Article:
Changes between Version 5 and Version 6 of TorWeeklyNews/2015/30


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Timestamp:
Aug 8, 2015, 9:10:45 AM (4 years ago)
Author:
harmony
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  • TorWeeklyNews/2015/30

    v5 v6  
    55Subject: Tor Weekly News — August 8th, 2015
    66
    7 {{{
    8 ========================================================================
    9 Tor Weekly News                                         August 8th, 2015
    10 ========================================================================
    11 
    12 Welcome to the thirtieth issue in 2015 of Tor Weekly News, the weekly
    13 newsletter that covers what’s happening in the Tor community.
    14 
    15 Contents
    16 --------
    17 
    18  1. Tor 0.2.7.2-alpha is out
    19  2. Tor Browser 5.0a4 is out
    20  3. Random number generation during Tor voting
    21  4. CameraV (aka InformaCam) is out
    22  5. Monthly status reports for July month 2015
    23  6. Miscellaneous news
    24  7. Upcoming events
    25 
    26 Tor 0.2.7.2-alpha is out
    27 ------------------------
    28 
    29 Nick Mathewson announced [1] the second alpha release in the Tor 0.2.7.x
    30 series. This version includes improvements to the handling of Tor’s
    31 identity keys, which now use the Ed25519 elliptic curve signature
    32 format. It also allows onion service operators to specify a higher
    33 number of introduction points with a special configuration option, if
    34 the service is coming under heavy load, “at the cost of making it more
    35 visible that the hidden service is facing extra load”.
    36 
    37 For full details of the many other developments in this release, please
    38 see Nick’s announcement. The source code is available as usual from
    39 Tor’s distribution directory [2].
    40 
    41   [1]: https://blog.torproject.org/blog/tor-0272-alpha-released
    42   [2]: https://dist.torproject.org
    43 
    44 Tor Browser 5.0a4 is out
    45 ------------------------
    46 
    47 The Tor Browser team put out their fourth alpha release [3] in the 5.0
    48 series of the privacy-preserving anonymous browser. “Most notably, this
    49 release contains an experimental defense against font fingerprinting by
    50 using an identical set of shipped fonts on all supported platforms”,
    51 wrote Georg Koppen. This version also fixes some of the issues created
    52 by the update to Firefox 38ESR, which “brings us very close to a stable
    53 Tor Browser 5.0, which we aim to release next week”.
    54 
    55 Get your copy of the new alpha from the project page [4], or via the
    56 incremental updater if you are already using the alpha Tor Browser
    57 series.
    58 
    59   [3]: https://blog.torproject.org/blog/tor-browser-50a4-released
    60   [4]: https://www.torproject.org/projects/torbrowser.html.en#downloads-alpha
    61 
    62 Random number generation during Tor voting
    63 ------------------------------------------
    64 
    65 One of the weaknesses of the current onion service design is that parts
    66 of it (such as the relays chosen by a service to upload its descriptor)
    67 rely on a list of Tor relays which is generated in a predictable way.
    68 This makes it possible for people with malicious intentions to insert
    69 their bad relays into the list at points of their choosing, in order to
    70 carry out attacks such as denials-of-service (as some researchers proved
    71 earlier this year [5]). A good way of preventing this is to make Tor’s
    72 directory authorities jointly come up with a random number as part of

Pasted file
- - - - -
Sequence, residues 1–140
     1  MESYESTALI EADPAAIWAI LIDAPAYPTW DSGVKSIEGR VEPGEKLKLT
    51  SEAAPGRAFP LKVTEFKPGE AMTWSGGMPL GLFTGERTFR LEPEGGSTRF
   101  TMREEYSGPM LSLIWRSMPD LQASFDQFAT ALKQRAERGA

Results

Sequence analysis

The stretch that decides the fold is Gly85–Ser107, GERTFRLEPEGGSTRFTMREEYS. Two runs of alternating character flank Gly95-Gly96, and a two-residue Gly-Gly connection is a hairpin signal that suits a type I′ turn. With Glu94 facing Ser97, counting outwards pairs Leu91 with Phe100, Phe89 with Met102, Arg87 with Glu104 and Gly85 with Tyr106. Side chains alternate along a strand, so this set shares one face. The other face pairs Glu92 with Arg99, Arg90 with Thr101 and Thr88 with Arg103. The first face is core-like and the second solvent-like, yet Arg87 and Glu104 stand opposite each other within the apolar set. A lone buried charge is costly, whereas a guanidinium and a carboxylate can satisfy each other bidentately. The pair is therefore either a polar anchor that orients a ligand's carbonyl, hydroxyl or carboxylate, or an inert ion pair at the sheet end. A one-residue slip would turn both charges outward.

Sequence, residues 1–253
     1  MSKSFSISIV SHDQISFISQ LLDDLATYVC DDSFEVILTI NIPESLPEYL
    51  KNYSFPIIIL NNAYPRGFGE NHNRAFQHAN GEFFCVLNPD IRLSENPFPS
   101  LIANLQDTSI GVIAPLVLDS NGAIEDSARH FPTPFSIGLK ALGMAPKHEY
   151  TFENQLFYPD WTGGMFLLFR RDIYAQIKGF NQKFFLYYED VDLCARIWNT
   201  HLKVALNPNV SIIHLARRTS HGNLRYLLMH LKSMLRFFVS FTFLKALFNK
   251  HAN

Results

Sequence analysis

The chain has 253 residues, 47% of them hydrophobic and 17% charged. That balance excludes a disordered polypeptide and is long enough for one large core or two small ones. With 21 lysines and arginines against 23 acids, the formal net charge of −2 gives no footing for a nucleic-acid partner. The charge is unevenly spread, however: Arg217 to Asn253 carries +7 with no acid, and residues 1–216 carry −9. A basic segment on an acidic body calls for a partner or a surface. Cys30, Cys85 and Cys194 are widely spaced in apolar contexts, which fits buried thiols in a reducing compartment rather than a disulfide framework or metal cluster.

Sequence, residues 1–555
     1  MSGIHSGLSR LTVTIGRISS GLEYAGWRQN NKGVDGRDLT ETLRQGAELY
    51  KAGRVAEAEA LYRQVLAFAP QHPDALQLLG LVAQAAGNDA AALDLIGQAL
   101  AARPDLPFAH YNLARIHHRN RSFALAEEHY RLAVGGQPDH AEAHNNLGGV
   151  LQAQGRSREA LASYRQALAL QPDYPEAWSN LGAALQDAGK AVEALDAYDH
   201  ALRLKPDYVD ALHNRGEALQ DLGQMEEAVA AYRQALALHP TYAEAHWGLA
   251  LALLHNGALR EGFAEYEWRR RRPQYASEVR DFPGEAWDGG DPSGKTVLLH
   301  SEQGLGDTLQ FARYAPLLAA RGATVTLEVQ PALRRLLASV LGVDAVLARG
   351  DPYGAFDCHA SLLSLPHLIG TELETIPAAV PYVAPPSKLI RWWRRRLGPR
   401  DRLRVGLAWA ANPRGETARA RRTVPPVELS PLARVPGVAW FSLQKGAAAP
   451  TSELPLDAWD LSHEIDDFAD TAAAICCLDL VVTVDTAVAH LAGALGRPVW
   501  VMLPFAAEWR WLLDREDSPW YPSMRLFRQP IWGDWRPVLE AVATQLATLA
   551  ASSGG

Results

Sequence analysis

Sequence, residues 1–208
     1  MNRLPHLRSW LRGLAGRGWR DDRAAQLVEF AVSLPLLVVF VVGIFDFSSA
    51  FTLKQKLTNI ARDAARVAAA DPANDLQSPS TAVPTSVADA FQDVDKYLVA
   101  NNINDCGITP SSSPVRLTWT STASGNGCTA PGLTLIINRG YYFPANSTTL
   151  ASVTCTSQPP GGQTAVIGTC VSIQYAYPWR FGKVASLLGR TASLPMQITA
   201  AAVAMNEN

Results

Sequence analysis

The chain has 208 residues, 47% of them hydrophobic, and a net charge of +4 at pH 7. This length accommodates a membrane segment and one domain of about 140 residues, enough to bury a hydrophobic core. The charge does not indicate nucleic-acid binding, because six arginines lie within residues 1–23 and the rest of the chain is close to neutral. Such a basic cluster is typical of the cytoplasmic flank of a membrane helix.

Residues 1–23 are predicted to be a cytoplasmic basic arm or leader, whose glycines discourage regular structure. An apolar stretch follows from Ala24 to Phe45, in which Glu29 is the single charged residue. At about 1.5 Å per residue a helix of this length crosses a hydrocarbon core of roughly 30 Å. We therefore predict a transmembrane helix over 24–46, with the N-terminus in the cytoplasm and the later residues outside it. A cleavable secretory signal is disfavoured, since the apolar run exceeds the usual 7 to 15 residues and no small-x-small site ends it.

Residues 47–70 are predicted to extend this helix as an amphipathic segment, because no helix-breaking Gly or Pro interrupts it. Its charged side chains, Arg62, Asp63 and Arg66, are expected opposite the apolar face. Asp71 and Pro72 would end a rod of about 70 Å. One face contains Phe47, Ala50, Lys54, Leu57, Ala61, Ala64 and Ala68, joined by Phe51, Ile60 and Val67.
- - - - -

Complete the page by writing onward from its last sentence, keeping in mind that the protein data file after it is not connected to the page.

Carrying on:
73 their regular voting procedure, which is then used by onion services to
    74 choose the directories to which they will upload their descriptor
    75 information, and by clients to find those same directories. It could
    76 also be used by other systems as a shared source of randomness.
    77 
    78 George Kadianakis published a draft proposal [6] describing how this
    79 procedure could work. For a period of twelve hours, the directory
    80 authorities send each other a “commitment”, consisting of the hash of a
    81 256-bit value. Once all authorities are aware of the others’
    82 commitments, they then reveal to one another the values they committed
    83 to, for another twelve-hour period. At the end of that time, the
    84 revealed values are checked to see if they correspond to the
    85 commitments, and then they are all used to compute that day’s random
    86 value. This works because although you can use the commitment hash to
    87 verify that the value revealed is the same as the one decided upon
    88 twelve hours ago, you cannot derive the value itself from the
    89 commitment.
    90 
    91 Please see the draft proposal in full for discussion of the finer points
    92 of the proposed system, or if you are a fan of ingenious solutions.
    93 
    94   [5]: https://conference.hitb.org/hitbsecconf2015ams/wp-content/uploads/2015/02/D2T2-Filippo-Valsorda-and-George-Tankersly-Non-Hidden-Hidden-Services-Considered-Harmful.pdf
    95   [6]: https://lists.torproject.org/pipermail/tor-dev/2015-August/009189.html
    96 
    97 CameraV (aka InformaCam) is out
    98 -------------------------------
    99 
    100 The Guardian Project put out a full release [7] of CameraV (or
    101 InformaCam), a nifty smartphone application that lets you “capture and
    102 share verifiable photos and video proof on a smartphone or tablet, all
    103 the while keeping it entirely secure and private”. It allows you to
    104 prove the authenticity of your photos by using “the built-in sensors in
    105 modern smartphones for tracking movement, light and other environmental
    106 inputs, along with Wi-Fi, Bluetooth, and cellular network information to
    107 capture a snapshot of the environment around you” and bundling this
    108 information into the picture file.
    109 
    110 As you would expect, InformaCam is fully compatible with the Guardian
    111 Project’s Tor software offerings for Android, so whether you’re a